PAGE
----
Just 30 years ago, an employee could expect to go to work for a company that could last their entire career until retirement. Such a thing is almost unheard of in today’s business environment and I ask myself, why?
People used to be proud of where they worked and wore it like a badge of honor. They would brag about the achievements of their company to family and friends, and vigorously defend their company if challenged. Today, people more commonly “badmouth” their employer rather than praise their company. Again, I ask myself, why has this happened?
In my opinion, the root cause of such apathetic behavior stems from the feedback – or lack thereof – they get from their employer. They feel like a cog in a wheel that could easily be replaced. They feel inconsequential and unappreciated. When people feel like a number or a cog, their loyalty will only be to their paycheck or next better job.
In order for American businesses to thrive, I believe employees have to feel like they have “skin” in the game. Financial compensation isn’t always people’s most motivating stimuli. Often, praise and recognition for a job well done can be powerful tools for motivating personnel. Some techniques I’ve developed and adopted to help motivate and inspire my personnel are as follows:
Bonus given for a new client brought in. Upon so many bookings of a new client, I will give that reporter a bonus on their next direct deposit. It encourages the staff member responsible for helping to secure the new client to “sell” themselves and our company to perspective clients, which in turn helps us as a company to continue to grow, as well as providing stability of future projects for that staff member by getting requests for work in the future.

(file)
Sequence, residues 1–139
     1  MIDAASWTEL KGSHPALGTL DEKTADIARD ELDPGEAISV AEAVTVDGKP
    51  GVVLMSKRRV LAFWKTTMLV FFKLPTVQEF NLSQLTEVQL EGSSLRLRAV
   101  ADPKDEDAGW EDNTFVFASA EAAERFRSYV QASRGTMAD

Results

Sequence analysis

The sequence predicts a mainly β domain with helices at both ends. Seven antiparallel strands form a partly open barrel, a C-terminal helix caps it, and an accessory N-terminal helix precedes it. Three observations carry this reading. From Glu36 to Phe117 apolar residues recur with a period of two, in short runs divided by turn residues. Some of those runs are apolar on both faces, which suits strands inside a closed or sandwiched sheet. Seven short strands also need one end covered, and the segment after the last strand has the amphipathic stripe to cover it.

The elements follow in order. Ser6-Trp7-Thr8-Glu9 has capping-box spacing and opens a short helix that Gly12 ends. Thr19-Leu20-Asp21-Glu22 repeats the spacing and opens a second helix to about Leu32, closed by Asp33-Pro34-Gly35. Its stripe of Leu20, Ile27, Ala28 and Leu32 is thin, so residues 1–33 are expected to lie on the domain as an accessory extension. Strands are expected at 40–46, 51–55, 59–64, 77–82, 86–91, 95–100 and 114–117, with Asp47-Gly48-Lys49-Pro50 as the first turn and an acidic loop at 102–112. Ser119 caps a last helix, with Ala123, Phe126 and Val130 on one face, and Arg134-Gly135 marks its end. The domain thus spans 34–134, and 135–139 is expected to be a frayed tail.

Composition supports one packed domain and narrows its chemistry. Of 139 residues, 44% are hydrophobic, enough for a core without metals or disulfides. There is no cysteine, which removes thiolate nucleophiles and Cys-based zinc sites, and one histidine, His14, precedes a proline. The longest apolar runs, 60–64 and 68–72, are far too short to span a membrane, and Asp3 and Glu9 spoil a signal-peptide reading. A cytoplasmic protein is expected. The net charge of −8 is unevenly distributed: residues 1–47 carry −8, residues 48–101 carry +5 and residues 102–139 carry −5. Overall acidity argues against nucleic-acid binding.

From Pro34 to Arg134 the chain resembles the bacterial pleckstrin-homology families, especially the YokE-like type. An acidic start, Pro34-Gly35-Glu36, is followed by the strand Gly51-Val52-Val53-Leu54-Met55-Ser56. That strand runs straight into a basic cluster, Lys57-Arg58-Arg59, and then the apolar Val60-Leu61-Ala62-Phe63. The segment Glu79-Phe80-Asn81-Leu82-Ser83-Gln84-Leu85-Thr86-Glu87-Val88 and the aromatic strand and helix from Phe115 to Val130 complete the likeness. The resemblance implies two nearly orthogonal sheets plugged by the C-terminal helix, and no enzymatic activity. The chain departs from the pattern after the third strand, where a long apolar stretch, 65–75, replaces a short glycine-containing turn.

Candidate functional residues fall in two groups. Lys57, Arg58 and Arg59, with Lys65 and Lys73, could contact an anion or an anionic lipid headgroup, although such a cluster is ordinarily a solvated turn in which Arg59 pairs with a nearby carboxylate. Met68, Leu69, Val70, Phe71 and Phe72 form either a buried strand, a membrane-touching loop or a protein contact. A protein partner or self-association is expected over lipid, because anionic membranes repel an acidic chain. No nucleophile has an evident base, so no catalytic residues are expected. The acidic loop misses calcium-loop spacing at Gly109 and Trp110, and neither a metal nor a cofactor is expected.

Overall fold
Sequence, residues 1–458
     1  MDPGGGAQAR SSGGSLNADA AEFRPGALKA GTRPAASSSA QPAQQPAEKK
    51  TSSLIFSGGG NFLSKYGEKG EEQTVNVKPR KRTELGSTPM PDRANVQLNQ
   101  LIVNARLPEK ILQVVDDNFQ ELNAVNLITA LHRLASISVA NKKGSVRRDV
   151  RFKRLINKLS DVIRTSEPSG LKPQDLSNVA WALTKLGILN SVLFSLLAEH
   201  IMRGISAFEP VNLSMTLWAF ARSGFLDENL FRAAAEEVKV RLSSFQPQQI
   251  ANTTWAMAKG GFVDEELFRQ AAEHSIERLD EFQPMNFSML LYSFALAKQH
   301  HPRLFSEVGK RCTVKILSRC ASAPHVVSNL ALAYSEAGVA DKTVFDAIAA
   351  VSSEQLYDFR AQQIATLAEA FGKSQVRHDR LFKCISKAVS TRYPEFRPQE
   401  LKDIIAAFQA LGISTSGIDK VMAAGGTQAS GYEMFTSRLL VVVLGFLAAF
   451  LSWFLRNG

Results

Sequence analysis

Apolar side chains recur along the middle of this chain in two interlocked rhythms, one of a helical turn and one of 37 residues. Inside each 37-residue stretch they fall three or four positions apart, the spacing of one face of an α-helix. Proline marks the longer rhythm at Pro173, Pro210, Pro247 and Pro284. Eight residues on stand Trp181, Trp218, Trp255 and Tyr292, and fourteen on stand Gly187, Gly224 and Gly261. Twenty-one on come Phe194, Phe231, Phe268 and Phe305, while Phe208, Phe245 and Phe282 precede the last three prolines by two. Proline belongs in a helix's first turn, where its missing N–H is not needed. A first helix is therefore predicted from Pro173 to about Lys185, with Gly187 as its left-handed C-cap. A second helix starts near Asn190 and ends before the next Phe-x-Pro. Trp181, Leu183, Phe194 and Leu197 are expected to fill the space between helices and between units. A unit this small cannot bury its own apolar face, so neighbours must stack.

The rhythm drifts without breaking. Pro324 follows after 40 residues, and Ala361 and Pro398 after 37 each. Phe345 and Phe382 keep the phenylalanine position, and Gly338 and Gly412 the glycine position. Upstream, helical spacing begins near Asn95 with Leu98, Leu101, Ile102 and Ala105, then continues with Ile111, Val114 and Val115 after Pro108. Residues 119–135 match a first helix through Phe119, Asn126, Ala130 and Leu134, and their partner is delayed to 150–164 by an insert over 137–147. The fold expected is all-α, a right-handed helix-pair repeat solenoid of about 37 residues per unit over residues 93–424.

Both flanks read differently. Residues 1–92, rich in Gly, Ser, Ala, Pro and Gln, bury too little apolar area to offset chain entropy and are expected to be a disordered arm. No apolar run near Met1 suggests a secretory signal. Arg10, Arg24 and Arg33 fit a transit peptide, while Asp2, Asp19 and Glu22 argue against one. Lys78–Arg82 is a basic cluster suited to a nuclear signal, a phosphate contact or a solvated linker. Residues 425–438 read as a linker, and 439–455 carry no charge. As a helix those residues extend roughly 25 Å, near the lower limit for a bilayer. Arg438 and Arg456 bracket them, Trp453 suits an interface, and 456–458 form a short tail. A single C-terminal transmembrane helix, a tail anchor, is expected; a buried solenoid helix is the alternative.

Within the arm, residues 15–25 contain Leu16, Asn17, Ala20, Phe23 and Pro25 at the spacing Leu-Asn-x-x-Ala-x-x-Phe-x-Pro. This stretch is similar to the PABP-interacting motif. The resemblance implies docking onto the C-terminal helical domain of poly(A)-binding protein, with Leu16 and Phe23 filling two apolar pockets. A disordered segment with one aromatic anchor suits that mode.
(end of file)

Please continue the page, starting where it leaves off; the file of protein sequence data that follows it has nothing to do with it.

Set pay increases across the board for everyone based on reaching set goals. Everyone then has a goal to work toward for company development, expertise development, as well as monetary increase for themselves and their families.
At least every other week I’ll stop at Starbucks and bring a treat in for the entire staff as a way to say, “Good job, everyone! I appreciate what you do each day and how hard you’re working.” I usually will say, “Here’s a little something to let you know I recognize your efforts and dedication. Keep up the great work and attitude!”
Weekly recognition of individuals within the company who have stepped up to help with a difficult situation, gone out of their way to help a client or to help the company, or extraordinary action on an individual’s part that wasn’t expected. Recognition of exemplary actions can lead to others following the example and driving company success.
Daily recognition of staff members for tasks performed above and beyond the call of duty. It’s easy to look past things like this and say, “It’s expected as part of your job,” but a little extra effort to show appreciation for a job well done will pay off in dividends to the company in the long run.
Yearly recognition awards for outstanding service to clients and/or the company. At Christmas, we do an outstanding service award to recognize individuals who developed beyond where they were to become an exemplary professional.
Reward events during the year to say “Thank You.” Every six months we do something big for everyone as a way to say, “Thanks for all you do to make us as a company a success.” We’ve done a spa day, all-day Viking Cooking School classes together, a company trip to a nearby location for a weekend getaway, etc. The main idea is to do something special for everyone as a group that lets them know they are appreciated and that their hard work has not gone unnoticed.
Finally, attempt to create an office environment that is a pleasant place to work. We have a fountain in our office that provides gentle water sounds, as well as gentle lighting and soft, colorful artwork that is peaceful and aids in creating a stress-free environment. We keep gentle music in the background to help the work day move along smoothly. There are still stressors that happen hourly within the office in addressing clients’ needs, but a kind environment makes those potentially difficult issues more manageable.
Before he passed away, my daddy, who was a judge in another state, gave me some advice that I’ve carried with me all these years and employ in my company on a daily basis. He said, “Son, if you take care of the people who work with you and appreciate them for their positive contributions, they will take care of you and your company will thrive because of it.” His advice was sound and has proven to be accurate.
With time and consistent effort, your company can become a positive place where employees enjoy coming to work. Happy workers are productive workers. Max Curry, B.C.R., RPR, LCR, CRI, CCR,